• Promote higher order thinking.
• Draw connections within math, to other subjects, and to life outside of school.
• Emphasize the importance of communicating results.
• Allow for multiple solution strategies.
4 National Research Council. 2002. Learning and Understanding: Improving Advanced Study of Mathematics and Science in U.S. High Schools. Washington, DC: National Academy Press.
The success of the mathematics community in improving both instruction and assessments may be a significant reason behind the gradually improving scores of U.S. students on mathematics tests in recent decades, Shepard observed.
The Colorado Learning Assistant Model
Shepard described the Colorado Learning Assistant Model, which embodies the principles she discussed.5 In this model, outstanding undergraduate students are hired as learning assistants and are given an education course on learning research. The professor lectures twice per week and meets with graduate students and the learning assistants once a week. Instead of “recitations” with graduate students working problems, the learning assistants and graduate students lead “learning teams.” Through this process, students are engaged in talking through their reasoning about how to solve problems.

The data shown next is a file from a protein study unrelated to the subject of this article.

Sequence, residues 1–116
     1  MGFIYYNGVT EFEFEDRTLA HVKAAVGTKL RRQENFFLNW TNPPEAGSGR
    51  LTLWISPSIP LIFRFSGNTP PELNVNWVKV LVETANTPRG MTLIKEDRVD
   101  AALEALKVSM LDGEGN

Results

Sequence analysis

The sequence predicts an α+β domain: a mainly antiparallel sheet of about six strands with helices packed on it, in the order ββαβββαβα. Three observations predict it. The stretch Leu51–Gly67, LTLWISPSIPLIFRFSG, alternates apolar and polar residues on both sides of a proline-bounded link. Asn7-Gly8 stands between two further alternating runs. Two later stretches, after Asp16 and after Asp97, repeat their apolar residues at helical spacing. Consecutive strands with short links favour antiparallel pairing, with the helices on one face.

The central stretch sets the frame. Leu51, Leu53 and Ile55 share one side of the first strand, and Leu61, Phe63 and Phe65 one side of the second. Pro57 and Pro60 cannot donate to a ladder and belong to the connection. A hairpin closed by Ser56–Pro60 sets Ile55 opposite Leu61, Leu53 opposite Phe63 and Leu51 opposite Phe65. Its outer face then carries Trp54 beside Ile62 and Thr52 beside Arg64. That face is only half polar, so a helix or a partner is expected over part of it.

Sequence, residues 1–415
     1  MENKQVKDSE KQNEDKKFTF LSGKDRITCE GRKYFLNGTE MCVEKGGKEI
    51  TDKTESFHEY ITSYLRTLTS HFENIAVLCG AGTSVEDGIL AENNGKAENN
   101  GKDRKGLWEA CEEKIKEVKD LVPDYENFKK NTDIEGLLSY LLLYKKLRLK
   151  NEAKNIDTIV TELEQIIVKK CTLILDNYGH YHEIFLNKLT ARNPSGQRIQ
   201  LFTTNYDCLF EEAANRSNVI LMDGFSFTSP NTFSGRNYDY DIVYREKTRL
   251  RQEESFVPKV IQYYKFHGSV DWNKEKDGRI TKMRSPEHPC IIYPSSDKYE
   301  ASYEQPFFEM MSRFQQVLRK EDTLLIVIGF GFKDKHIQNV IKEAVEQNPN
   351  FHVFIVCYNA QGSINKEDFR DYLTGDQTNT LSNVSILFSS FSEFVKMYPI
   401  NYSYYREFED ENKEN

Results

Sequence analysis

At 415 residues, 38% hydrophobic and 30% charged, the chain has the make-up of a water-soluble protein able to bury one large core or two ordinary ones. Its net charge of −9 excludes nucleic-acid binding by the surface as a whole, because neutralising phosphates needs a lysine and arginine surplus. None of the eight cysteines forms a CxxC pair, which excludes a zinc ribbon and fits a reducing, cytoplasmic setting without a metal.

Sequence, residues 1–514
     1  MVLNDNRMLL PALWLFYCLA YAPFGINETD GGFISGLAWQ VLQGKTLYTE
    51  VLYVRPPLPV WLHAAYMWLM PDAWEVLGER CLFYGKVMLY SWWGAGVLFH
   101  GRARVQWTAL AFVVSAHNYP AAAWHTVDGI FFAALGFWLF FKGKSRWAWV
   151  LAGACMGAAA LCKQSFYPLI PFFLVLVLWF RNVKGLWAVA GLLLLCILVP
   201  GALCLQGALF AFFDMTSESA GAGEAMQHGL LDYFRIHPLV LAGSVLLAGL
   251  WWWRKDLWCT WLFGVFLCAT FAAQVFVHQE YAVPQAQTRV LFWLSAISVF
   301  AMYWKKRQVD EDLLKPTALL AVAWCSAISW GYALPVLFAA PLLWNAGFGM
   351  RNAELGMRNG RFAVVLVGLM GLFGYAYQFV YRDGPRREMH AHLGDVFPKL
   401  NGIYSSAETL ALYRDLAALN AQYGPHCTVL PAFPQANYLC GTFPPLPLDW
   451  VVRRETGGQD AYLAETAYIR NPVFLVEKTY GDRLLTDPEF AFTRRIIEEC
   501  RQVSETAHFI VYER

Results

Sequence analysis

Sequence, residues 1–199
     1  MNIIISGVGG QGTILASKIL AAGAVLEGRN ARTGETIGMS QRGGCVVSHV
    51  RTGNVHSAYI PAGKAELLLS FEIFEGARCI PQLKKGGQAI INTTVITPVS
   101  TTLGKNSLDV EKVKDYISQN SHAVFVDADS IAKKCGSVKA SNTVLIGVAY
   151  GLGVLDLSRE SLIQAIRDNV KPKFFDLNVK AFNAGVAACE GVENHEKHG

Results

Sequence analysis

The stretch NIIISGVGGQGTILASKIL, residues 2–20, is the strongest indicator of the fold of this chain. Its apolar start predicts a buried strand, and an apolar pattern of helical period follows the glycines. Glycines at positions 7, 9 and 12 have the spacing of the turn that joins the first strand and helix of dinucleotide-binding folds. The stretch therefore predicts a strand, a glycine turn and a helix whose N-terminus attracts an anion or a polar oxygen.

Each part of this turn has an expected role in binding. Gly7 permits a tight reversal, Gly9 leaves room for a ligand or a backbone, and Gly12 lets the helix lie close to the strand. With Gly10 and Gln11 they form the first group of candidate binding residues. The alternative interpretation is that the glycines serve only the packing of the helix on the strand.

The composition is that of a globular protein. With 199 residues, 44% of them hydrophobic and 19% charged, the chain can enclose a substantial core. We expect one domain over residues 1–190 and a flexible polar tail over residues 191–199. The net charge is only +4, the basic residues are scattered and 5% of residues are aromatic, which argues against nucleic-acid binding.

This arrangement creates the kind of interactive environment that is conducive to learning, said Shepard. “By engaging students in explaining their reasoning and solving problems collectively, they come away with much higher levels of learning.” Tests of content knowledge show substantial gains in learning after the learning assistant model was instituted. Furthermore, the learning assistants show even greater gains in their mastery of the content—“far above what has been achieved in other contexts.” Finally, the learning assistant model also has contributed to a significant increase in the number of undergraduates who are interested in becoming STEM teachers, said Shepard.
The University of Colorado, with support from the American Physical Society, is running workshops across the United States for people who are interested in implementing the learning assistant model. Faculty members need to get over an initial hurdle in learning to use this model. But the success and enthusiasm of the students who benefit from it provide a compelling argument for change.